Definitive treatment: treat the cause.
Whether it is parafunctional, psycological or referred.
electric muscle stimulation
Etiologic factors: if pain continues more than 10-14 days without resolving the problem of myospasm then myositis is likely to be present.
Most common cause is protracted parafunctional activity.
-antibiotic therapy (in some cases)
-occlusal splint therapy and emotional stress therapy
- progressive relaxation therapy and bio-feed back
-nonsteroidal anti-inflammatory (there is an inflammatory factor)
TREATMENT OF DISC INTERFERENCE DISORDERS
Dysfunction of the condyle disc complex against the mandibular fossa
many are reported as chronic and asymptomatic
Pain may or may not accompany the disorders and if present it should be thoroughly evaluated since it can originate from intracapsular structures or be associated with muscle splinting or muscle spasms
Definitive treatment: the major cause is disharmony between CO and the musculoskeletal stable position of the condyles in the closed position
Correction is made first by reversible centric relation splint
Class II interference
Etiologic considerations: occurs in maximum intercuspation and at the beginning of translation.
A single or reciprocal joint sound may be present with or without pain.
Definitive treatment :
directed towards achieving a more normal condyle- disc relation.
Usually done by placing a separator between the posterior teeth which repositions the mandible downward and forward placing the condyle on the intermediate zone which eliminates the sounds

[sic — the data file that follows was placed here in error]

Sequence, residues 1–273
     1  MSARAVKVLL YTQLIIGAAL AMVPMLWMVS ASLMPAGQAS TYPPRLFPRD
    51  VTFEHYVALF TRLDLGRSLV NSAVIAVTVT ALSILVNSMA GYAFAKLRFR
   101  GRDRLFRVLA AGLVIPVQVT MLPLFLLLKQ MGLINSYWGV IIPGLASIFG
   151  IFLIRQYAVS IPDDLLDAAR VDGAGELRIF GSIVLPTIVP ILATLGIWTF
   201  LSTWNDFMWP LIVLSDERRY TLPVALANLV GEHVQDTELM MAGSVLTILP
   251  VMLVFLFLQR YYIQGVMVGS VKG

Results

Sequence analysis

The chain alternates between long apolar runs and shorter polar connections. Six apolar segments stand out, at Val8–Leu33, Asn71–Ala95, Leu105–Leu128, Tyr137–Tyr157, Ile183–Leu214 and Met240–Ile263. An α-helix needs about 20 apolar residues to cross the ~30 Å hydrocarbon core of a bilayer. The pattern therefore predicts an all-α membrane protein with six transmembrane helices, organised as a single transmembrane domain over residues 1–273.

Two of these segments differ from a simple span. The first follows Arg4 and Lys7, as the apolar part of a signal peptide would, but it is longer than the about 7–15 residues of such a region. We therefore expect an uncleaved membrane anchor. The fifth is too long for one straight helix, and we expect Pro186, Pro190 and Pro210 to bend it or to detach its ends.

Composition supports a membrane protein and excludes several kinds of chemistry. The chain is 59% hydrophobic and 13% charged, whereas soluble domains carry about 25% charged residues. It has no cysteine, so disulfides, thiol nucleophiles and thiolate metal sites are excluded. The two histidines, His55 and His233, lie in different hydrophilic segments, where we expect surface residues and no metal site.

Anterior repositioning splint is made in the earliest forward position that will eliminate the sound. It is worn for 2-4 months giving time for the tissues to repair. If symptoms do not subside then total repair was not achieved. If 6-9 months of wearing the splint haven’t removed symptoms then permanent occlusal adjustment should be carried out.
Emotional stress therapy is also initiated trying to reduce parafunctional activity.
Supportive treatment: when pain is present it needs to be controlled as it leads to cyclic myospasms which continues parafunctional activity.
One to two weeks of pain medication is prescribed.
Some exercises can help in the treatment of class II interferences.
Class III interferences
Commonly referred to as internal derangements
Can result from:
1. Excessive passive interarticular pressure
2. Structural incompatibility of the sliding surfaces
3. Impaired function of the condyle disc complex
1. Excessive passive inter-articular pressure
Since the etiology is parafunctinal activity definitive treatment is directed towards controlling this activity.
Occlusal splint therapy and emotional stress therapy.
Relaxation therapy is highly indicated.
Controlling pain, instruct the patient to restrict movement within painless limits, soft diet, and small dose of diazepam before sleep.
2. Structural incompatibility of the sliding surfaces: